[FFmpeg-user] 'forcing output' //523971 times

Devin Heitmueller devin.heitmueller at ltnglobal.com
Fri Oct 6 20:02:48 EEST 2023

On Fri, Sep 29, 2023 at 5:14 PM Mark Filipak <markfilipak.imdb at gmail.com> wrote:
> On Fri, Sep 29, 2023 at 3:20 PM Devin Heitmueller
> <devin.heitmueller at ltnglobal.com> wrote:
> > You generally can't set the audio PTS in that manner,
> Did I make a mistake? How would you do it?

So in general changing timestamps without a very good reason is likely
to cause these sorts of problems.  I would probably not ask "how would
I change the timestamps?", but rather "why do I think I need to change
the timestamps in the first place?"

> > as it blindly
> > assumes that an audio packet will contain exactly 2000 samples (which
> > it very likely will not, depending on the codec).
> Well, ffmpeg has the stream. Doesn't it know how big the audio packets
> are? If not, how can I discover it and how can I tell ffmpeg?

Yes, ffmpeg knows how many samples are in each audio packet.  You can
see that info by running "ffprobe -show_packets <filename>" or
"ffprobe -show_frames <filename>" depending on whether you want to
view the timestamps and durations in the compressed or uncompressed

> > Basically you're assigning arbitrary timestamps to the audio packets
> > that are irrespective of what the actual audio timing is on the input
> > stream.  Over time the delta between audio/video grows and you'll
> > start to see errors spewed to the console within a few seconds once
> > the delta exceeds a threshold (as well as you'll quickly fall out of
> > A/V sync)
> Initial audio is late by 25 seconds. It's out of sync and then goes
> silent 32 seconds later. Then it picks back up where it was but 2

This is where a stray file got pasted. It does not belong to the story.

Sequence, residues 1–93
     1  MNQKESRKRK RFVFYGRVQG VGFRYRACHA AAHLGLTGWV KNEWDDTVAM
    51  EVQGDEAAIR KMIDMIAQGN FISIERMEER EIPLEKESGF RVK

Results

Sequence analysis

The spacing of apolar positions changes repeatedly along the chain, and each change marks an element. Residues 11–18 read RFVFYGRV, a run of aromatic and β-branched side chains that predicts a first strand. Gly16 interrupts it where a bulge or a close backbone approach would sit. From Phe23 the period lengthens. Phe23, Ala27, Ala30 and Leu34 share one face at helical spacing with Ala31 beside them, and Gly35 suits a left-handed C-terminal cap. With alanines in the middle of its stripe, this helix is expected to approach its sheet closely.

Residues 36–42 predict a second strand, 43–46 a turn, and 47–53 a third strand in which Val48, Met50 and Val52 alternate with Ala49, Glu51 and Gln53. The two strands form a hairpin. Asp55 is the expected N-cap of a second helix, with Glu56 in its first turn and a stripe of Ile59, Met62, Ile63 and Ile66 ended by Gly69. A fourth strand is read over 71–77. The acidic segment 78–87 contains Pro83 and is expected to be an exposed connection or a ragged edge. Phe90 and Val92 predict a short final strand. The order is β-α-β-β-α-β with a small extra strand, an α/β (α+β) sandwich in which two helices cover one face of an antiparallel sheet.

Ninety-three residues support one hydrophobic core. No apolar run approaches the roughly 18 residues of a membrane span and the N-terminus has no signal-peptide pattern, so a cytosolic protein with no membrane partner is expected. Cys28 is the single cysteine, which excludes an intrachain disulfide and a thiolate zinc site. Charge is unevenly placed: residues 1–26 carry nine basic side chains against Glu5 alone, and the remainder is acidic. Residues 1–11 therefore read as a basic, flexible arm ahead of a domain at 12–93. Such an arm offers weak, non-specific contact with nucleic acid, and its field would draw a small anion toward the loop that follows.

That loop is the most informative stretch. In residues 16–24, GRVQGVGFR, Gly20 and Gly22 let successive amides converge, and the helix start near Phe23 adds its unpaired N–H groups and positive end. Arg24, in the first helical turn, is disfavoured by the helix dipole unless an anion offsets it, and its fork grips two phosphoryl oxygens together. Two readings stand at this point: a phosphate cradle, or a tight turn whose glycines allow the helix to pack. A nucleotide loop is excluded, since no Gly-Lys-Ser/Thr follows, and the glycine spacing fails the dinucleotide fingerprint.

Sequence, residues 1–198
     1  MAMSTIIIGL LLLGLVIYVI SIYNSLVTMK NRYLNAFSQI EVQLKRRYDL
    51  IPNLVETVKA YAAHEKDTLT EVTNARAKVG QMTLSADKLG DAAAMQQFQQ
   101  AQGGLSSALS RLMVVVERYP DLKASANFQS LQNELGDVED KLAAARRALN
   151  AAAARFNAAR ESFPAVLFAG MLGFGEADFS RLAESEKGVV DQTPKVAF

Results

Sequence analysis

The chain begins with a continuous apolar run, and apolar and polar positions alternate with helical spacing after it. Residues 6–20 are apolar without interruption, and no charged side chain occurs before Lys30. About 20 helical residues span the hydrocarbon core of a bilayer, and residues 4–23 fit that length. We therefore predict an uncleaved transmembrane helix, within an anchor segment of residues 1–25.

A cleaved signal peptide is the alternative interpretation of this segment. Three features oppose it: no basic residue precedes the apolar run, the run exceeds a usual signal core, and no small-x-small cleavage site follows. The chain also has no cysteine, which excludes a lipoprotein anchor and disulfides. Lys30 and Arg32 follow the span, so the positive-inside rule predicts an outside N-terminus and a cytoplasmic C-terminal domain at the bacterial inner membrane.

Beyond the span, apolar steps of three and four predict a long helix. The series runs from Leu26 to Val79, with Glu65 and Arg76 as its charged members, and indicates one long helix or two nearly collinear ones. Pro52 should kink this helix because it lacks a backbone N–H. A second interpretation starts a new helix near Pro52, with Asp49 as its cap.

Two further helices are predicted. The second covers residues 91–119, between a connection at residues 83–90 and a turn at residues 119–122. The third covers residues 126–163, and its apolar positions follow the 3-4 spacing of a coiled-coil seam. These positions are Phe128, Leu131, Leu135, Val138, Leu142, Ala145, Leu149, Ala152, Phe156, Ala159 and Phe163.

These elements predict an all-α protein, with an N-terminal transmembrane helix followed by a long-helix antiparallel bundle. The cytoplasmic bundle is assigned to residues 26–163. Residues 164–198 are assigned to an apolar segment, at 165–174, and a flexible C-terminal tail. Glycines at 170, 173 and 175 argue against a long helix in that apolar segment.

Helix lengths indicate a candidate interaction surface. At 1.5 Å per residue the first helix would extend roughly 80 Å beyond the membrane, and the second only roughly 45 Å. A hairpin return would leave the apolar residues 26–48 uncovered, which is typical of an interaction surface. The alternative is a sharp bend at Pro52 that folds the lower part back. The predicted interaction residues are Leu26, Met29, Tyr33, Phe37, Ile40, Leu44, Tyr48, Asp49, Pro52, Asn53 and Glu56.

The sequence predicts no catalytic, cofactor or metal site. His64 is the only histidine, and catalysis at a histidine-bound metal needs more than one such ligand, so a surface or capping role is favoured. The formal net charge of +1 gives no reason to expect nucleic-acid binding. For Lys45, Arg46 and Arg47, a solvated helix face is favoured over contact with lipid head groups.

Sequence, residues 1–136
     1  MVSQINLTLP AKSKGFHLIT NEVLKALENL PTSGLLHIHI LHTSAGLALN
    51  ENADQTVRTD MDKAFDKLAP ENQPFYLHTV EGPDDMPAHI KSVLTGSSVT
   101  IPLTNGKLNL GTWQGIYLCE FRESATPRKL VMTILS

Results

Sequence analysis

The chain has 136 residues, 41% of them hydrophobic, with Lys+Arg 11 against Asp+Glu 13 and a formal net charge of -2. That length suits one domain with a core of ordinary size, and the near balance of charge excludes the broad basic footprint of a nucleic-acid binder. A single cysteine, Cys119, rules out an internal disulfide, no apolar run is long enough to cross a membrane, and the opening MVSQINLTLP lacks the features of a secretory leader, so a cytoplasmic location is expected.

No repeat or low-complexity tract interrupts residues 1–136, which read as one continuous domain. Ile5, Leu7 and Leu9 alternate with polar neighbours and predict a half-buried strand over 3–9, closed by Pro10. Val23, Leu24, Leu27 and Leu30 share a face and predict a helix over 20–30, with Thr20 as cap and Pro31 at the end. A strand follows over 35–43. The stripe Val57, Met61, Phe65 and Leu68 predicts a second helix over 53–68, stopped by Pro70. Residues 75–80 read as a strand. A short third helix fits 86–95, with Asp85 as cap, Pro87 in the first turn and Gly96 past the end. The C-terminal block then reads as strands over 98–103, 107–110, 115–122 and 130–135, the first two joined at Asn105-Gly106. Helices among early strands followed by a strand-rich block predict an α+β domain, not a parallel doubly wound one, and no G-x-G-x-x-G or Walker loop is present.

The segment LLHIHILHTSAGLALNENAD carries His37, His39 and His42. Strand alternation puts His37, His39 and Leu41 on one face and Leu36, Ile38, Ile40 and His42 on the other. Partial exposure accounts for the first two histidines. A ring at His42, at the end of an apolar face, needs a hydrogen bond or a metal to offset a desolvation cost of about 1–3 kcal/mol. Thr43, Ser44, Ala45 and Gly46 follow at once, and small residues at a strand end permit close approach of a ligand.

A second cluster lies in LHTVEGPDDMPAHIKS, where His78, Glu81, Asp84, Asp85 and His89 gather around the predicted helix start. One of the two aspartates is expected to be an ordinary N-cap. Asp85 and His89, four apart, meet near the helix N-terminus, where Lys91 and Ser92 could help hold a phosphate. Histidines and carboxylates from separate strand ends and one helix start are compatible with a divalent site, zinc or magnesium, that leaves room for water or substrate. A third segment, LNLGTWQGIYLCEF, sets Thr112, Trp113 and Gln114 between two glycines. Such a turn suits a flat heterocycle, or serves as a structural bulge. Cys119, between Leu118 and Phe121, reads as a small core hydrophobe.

> minutes 3 seconds has elapsed. The video first freezes at 3:31 and the
> audio drops out about 20 seconds later. The first spoken word is at
> 2:10 running time (it's an Ingmar Bergman film ... :-). Video runs
> again about a minute later, freezes again at 5:48 and audio drops out
> again. That first spoken word is actually heard at 8:13 on the run
> time clock (which is about 12 minutes in real time). I noticed that
> whenever the audio picks up, the video freezes at the exact same
> moment.

I assume you're talking about the behavior when trying to play the
file you've created.   If the timestamps are improperly set, the
behavior could vary wildly depending on what player you are using.  It
all comes down to what sort of mitigations the player(s) employ if the
timestamps are screwed up, which will vary across player

> I'm not going to ask why ffmpeg is so ignorant. Instead, I ask: What
> would you do to assure TB=1/90000, 1st PTS=0, 1st DTS=0, and audio
> stays in sync?

While I've got plenty of complaints about ffmpeg, in this case it
isn't really being ignorant.  It would likely be setting proper
timestamps by default except you are explicitly throwing away the
built in logic and replacing the timestamps based on your own
heuristic.  Your use of setts actually overrides whatever built in
logic would have set the timestamps.

It's worth noting that rather than trying to use setts and writing
your own heuristic, you may wish to look at specifying the
"-start_at_zero" and "-copyts" arguments.  You could potentially also
force the timebase to 1/90000 with the setts filter by passing through
the existing timestamps but specifying just the time_base.  I would
definitely get away from
as there's so many things wrong with that heuristic I'm not sure where
to start.

There's no "audio keep in sync" option.  When the audio is out of sync
it's a side-effect of the timestamps being screwed up.  It's not clear
to me why you think you explicitly need the timebase to be 1/90000, or
why you need the first PTS/DTS to be zero.  It wouldn't surprise me if
even those basic assumptions aren't necessarily valid unless you have
a very good technical reason.

If you haven't already, I would suggest you familiarize yourself with
"ffprobe -show_packets -print_format csv <infile>" as that would allow
you to directly inspect the timestamps of whatever file you create to
see if they are actually what you intended them to be.  You can also
run it against your source file and compare the two, so you can
understand what effect the transformation had on your timestamps.

Good luck,


Devin Heitmueller, Senior Software Engineer
LTN Global Communications
o: +1 (301) 363-1001
w: https://ltnglobal.com  e: devin.heitmueller at ltnglobal.com

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